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GOINGS ON: SANTA BARBARA : Techno-Art Interaction : Talking or whistling makes lights dance. One enthusiast says it makes science comprehensible.

September 06, 1990|MAJA RADEVICH

What has four legs, two microphones and one TV screen and is covered with pulsating lights and colors?

Call it art.

"Participation TV" by Korean artist Nam June Paik is one of about 90 works by 60 artists in Santa Barbara's communitywide exhibit, PULSE II.

Paik's work, on display at the Channing Peake Gallery, consists of two microphones attached to an old television set. When someone talks, sings or whistles into the mikes, lights dance on the screen in response to the sounds.

PULSE is an acronym for People Using Light, Sound, Energy. As does "Participation TV," many works rely on technology instead of canvas and paints, and on viewer interaction.

Receptions for the show will be held Friday from 5 to 8 p.m. at the UC Santa Barbara art gallery, the Santa Barbara Museum of Art, 1130 State St., and the Channing Peake Gallery, 105 E. Anapamu St. Call 961-2951 for information. The PULSE II exhibit (the original PULSE was held in New York's SoHo district a few years ago) was coordinated through the university, but the entire community is involved, and individual works can be found at the city airport, at the Courthouse and even at a neighborhood health clinic.

Principal funding for PULSE II comes from Santa Barbara resident David Bermant, who loaned much of his personal collection to the show.

Bermant, 71, who develops shopping centers on the East Coast, did not take an interest in art until he was in his 50s.

"I hated art when I got out of college because it was all abstract, and I've always considered that stuff third-rate," he said.

On discovering technological art, Bermant became an ardent collector. Many of his past hobbies, such as being a Yankees fan, took a back seat to his new love.

Bermant described his preference for this type of art as an attraction to a particular woman: "If eight ladies were lined up against the wall, maybe I'd go for two of them, but the other six just wouldn't do anything for me."

He owns several hundred works and spreads them throughout his two homes, lends them for exhibitions and houses many in the shopping centers he builds.

"This technological art is the most vital form of art in our time," he said. "It comes out of the science and technology of our day, and it reflects the underlying realities of life that science exposes.

"And like Einstein's theory of relativity, this art reflects the added ingredient of time, of movement and change. Although some people may not read or understand scientific findings, they can be exposed to them and intuitively understand these principles by viewing this art."

While PULSE II art is reflecting the realities of modern day, the Shanghai Acrobats and Imperial Warriors of the Peking Opera reflect the splendor and pageantry of Chinese history.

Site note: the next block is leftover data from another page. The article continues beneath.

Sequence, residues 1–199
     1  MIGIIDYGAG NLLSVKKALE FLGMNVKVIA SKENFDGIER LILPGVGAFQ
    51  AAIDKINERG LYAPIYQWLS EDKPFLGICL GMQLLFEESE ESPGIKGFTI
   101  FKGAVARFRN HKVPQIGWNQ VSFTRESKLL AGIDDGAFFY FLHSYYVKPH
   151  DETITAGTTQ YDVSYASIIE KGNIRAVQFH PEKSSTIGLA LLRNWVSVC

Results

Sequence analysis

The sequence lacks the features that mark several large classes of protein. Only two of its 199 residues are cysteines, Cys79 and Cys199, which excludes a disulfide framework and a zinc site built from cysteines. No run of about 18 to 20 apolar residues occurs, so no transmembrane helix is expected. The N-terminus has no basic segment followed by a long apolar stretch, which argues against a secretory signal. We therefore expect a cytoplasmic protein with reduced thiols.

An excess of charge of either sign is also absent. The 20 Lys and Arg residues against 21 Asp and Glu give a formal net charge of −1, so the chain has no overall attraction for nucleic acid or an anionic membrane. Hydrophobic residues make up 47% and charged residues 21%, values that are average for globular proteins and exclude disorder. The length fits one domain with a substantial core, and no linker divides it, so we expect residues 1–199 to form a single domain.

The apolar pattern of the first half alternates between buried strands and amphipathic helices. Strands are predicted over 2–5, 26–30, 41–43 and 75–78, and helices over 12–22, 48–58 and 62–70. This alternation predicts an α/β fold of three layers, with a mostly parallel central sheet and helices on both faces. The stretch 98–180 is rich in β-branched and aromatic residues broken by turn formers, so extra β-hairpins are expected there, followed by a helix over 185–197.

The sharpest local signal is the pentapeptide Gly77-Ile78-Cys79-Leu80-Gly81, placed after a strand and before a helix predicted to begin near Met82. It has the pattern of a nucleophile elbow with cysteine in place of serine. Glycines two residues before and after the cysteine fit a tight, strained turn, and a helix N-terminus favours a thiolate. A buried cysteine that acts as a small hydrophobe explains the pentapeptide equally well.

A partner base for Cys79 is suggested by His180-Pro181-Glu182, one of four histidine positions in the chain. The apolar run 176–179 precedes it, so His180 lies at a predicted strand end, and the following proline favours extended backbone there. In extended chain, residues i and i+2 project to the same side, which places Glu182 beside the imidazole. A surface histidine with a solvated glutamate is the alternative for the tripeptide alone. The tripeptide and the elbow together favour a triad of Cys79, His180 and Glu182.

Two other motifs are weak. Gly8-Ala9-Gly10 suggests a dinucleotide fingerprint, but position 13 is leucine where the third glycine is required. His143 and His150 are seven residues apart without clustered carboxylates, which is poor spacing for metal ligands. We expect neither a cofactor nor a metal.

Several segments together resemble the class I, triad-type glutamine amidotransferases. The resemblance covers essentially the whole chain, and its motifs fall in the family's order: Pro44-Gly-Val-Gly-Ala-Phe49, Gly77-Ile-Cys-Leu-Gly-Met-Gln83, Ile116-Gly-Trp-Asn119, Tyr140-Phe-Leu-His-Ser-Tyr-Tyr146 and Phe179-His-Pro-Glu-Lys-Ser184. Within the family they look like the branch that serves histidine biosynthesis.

The Peking Opera, which combines elements of ballet, acrobatic display and history, is adding new features to this year's tour, such as the Pagoda of Bowls, the Tower of Chairs and a jar-juggling act. The Imperial Warriors will recreate four of their most popular martial arts sequences, including two scenes from the famous opera "Money King Creates Havoc in Heaven."

The group, which was established in 1951 and has long been one of Asia's premier tourist attractions, will perform Sunday at the Lobero Theatre, 33 E. Canon Perdido St. in Santa Barbara. Tickets for the 2 p.m. show are $16 and $19, and they are $19 and $24 for the 8 p.m. show. Call 963-0761.

Creating havoc here on Earth, David Lynch is once again provoking controversy with his newest movie, "Wild at Heart."

It isn't so wild compared to his earlier films. Five of them will be shown in a tribute to Lynch starting Friday and ending next Thursday at the Victoria Street Theater, 33 W. Victoria St. in Santa Barbara.

"Eraserhead" and "The Grandmother" will be shown Friday and Saturday. "Elephant Man," which was nominated for three Academy Awards including best picture and best director, will be presented Sunday and Monday. "Dune" and a surprise feature will play Tuesday through Thursday. Call 963-7868 for times and prices.

Also up the coast this weekend: On Saturday the Santa Barbara Zoological Society will host the fifth annual Zoofari Ball to benefit the city zoo. Participants dress in safari outfits and take the Zimbabwe Express through the zoo, stopping off at various "watering holes" for refreshments. The train will then take them to the top of the hill for dinner and dancing. Tickets are $150 per person. Call 965-0110.

On Sunday, the Mosby Winery at Vega Vineyard, 9496 Santa Rosa Road, Buellton, will hold a boccie ball tournament starting at noon. Contestants can sign up at the door for the free event, and they are encouraged to bring a picnic lunch. Wine will be sold on the premises. Call 688-2415 for information.

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